Guess who's Black?

Guess who’s Black?

Millennium is a show that feels particularly disjointed from year-to-year. It has been argued – quite convincingly – that Millennium was really three different shows, and that no two seasons of Millennium convincingly resemble one another. The third season of Millennium would be a different beast than the second. The Innocents and Exegesis demonstrate that clearly and quite articulately. The two-part season premiere made it quite obvious that Millennium was no longer a show particularly interested in ideas of apocalypse – whether global or personal.

Unfortunately, it seemed like the show had no real idea of what it wanted to be.

"Yep, this is what Chris Carter found when he took the show back."

“Yep, this is what Chris Carter found when he took the show back.”

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Millennium – The Time is Now (Review)

This May and June, we’re taking a trip back in time to review the fifth season of The X-Files and the second season of Millennium.

The second season of Millennium holds together very well as a season of television.

It is arguably more cohesive in terms of plotting and theme than any individual season of The X-Files, with the possible exception of the eighth season. Ideas, characters and themes are all set up early in the season so that they might pay-off at the climax. Watching The Fourth Horseman and The Time is Now, it is very hard to believe that the season could have ended any other way. That is a tremendous accomplishment on the part of Glen Morgan and James Wong, who steered the second season as Chris Carter brought his focus back to The X-Files.

Dicey proposition...

Dicey proposition…

The attention to detail is staggering. There are lots of little touches, from the way that the use of chickens in The Fourth Horseman calls back to the story that bookends Monster to the reference to the fate of Brian Roedecker to the quick shot of Frank placing the statue of the angel on his father’s grave. Glen Morgan has repeatedly stated that the character of Lara Means was introduced in Monster knowing her fate in The Time is Now, and that seems to be true of most of the character and plot arcs over the stretch of the second season.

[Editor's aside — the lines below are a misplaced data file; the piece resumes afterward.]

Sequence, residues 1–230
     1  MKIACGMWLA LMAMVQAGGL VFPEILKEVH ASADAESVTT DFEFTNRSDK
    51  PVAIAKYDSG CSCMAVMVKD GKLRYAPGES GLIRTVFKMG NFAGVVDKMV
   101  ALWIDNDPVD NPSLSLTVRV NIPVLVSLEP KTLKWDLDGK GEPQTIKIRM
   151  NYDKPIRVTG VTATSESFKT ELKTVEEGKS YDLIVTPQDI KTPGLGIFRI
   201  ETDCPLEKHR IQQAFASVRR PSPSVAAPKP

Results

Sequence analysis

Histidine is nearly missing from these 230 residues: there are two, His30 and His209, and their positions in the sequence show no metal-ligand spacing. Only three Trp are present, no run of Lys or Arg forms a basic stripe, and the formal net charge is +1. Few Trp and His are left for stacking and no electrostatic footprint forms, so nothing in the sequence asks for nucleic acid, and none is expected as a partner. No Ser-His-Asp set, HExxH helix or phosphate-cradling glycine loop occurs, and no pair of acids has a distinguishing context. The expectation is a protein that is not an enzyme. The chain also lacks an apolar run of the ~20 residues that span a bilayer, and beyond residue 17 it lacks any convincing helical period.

However, what is truly touching about the second season of Millennium is the way that the show manages to remain deeply personal and emotional, despite the scale of what is unfolding.

Shattered mirror...

Shattered mirror…

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Millennium – The Fourth Horseman (Review)

This May and June, we’re taking a trip back in time to review the fifth season of The X-Files and the second season of Millennium.

The second season of Millennium has been consciously building towards an apocalypse.

Actually, that is not entirely true. The second season of Millennium has been building to an almost infinite number of apocalypses. The collapse of Michael Beebe’s home in Beware of the Dog, the destruction of an entire community in Monster, the dissolution of the tribe in A Single Blade of Grass, the potential loss of a child in 19:19, an author’s acceptance of his fading skills and relevance in Jose Chung’s “Doomsday Defense”, the stealing of a soul in The Pest House, the breaking of a spirit in A Room With No View. The second season is populated with apocalypses.

Everything dies...

Everything dies…

Ever since The Beginning and the End opened with Frank Black staring into space as he contemplated cosmic forces of entropy and decay, it has been clear that the second season of Millennium is about more than just the end of the world. It is about the end of worlds. Over the course of The Fourth Horseman and The Time is Now, Peter Watts loses his faith (and maybe his life) as Lara Means loses her sanity. Frank Black loses his father and his friends – and, ultimately, his wife. The Marburg Virus is just a blip on the radar compared to all of this.

The Fourth Horseman and The Time is Now combine to form one of the most interesting and compelling finalés ever produced. The two-parter is the perfect conclusion to the second season of Millennium. Indeed, it would be the perfect conclusion to the entire series. Perhaps the biggest problem with The Fourth Horseman and The Time is Now is the fact that The Innocents is lurking only a few months away.

Cracking up...

Cracking up…